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How do you know you're suffering from hyperthermia? Here are the signs

Early signs include excessive sweating, exhaustion or extreme tiredness, flushed or red skin, cramps, dizziness, headache or even nausea.

PORTLAND, Ore. — Most of us are familiar with the term "hypothermia" when the body gets very cold. When it gets very hot, you can suffer from hyperthermia. 

It causes you to lose the ability to regulate your body temperature as it rises abnormally high. But how do you know when it's happening?

Robert McDonald is a paramedic with American Medical Response (AMR) in Multnomah County. The ambulance service saw a big increase in heat-related 911 calls during the Pacific Northwest heat wave earlier this week.

"We saw particularly Sunday and Monday an enormous increase in heat-related injuries, very serious calls that were occurring," said McDonald.

When it gets that hot, it's important to pay attention to the signs of heat-related illnesses.

Early signs include excessive sweating, exhaustion or extreme tiredness, flushed or red skin, cramps, dizziness, headache or even nausea.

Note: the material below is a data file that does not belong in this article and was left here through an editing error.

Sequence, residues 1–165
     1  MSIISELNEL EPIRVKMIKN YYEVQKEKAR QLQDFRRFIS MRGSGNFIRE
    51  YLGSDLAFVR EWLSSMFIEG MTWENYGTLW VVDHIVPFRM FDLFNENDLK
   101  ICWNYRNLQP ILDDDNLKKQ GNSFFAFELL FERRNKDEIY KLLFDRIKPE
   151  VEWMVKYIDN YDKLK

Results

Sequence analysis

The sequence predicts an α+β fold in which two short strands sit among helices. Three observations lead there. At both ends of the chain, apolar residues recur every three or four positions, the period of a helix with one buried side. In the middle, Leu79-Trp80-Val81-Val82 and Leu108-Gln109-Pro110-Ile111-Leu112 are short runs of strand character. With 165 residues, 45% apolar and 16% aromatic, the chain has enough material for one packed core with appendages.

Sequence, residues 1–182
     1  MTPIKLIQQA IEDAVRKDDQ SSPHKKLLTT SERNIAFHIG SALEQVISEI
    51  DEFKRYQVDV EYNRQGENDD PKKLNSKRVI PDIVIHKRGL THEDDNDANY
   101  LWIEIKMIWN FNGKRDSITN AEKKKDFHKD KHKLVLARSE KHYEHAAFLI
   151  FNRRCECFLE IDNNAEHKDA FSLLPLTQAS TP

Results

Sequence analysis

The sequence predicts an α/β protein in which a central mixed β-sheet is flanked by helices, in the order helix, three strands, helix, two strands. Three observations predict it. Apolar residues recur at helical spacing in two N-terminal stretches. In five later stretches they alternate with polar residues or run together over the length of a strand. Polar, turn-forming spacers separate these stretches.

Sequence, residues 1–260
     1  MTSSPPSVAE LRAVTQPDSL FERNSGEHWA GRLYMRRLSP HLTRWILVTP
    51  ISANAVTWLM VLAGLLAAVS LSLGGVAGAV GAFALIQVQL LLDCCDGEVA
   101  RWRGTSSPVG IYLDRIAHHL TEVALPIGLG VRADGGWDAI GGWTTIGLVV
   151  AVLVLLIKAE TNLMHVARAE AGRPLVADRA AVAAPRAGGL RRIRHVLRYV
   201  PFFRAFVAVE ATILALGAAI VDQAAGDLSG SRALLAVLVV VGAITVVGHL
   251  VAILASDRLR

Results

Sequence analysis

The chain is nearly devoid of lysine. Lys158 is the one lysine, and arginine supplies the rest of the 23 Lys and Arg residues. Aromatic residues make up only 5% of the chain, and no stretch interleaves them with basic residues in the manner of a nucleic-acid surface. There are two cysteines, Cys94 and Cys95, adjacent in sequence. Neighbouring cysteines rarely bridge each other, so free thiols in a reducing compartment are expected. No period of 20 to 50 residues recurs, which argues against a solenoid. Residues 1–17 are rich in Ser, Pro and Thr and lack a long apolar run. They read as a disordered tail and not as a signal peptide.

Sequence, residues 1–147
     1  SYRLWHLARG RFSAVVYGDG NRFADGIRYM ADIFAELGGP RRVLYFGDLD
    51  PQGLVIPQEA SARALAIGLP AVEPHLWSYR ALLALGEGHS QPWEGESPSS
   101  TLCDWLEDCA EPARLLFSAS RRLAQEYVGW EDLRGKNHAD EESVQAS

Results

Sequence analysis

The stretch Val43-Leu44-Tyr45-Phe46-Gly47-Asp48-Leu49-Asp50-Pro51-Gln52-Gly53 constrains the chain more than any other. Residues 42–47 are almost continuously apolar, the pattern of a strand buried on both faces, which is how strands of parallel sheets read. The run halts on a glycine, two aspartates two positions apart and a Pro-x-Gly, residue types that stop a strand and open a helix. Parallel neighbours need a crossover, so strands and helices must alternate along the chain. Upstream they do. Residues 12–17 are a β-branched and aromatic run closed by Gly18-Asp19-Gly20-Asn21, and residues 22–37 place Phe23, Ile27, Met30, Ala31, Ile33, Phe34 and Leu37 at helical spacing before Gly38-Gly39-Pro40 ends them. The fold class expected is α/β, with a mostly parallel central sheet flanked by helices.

If not addressed, heat-related illnesses can escalate quickly.

RELATED: Deaths during Oregon heat wave grow to 79; 52 were in Multnomah County

"If you don't address heat stroke at its most severe point, people could experience seizures, organ failure, they could go into a coma and you can die," McDonald said. 

If you do experience any of these signs of hyperthermia, make sure to drink fluids, move to a cool place, lie down or, if possible, take a cool shower.

"Those highest at risk are going to be our elderly population and our very young population. Those are probably the ones with the biggest challenge with thermoregulating," he said.

If someone passes out, vomits, or has a hard time standing or bearing weight, then it's time to call 911.

That's why when it gets as hot as it was, we all need to check on those most vulnerable.

"Watch out for each other," said McDonald. "If you have a neighbor out there who you know doesn't have A/C or an ability to find a place to cool themselves, reach out."

RELATED: County officials, state leaders try to figure out what went wrong during historic heat wave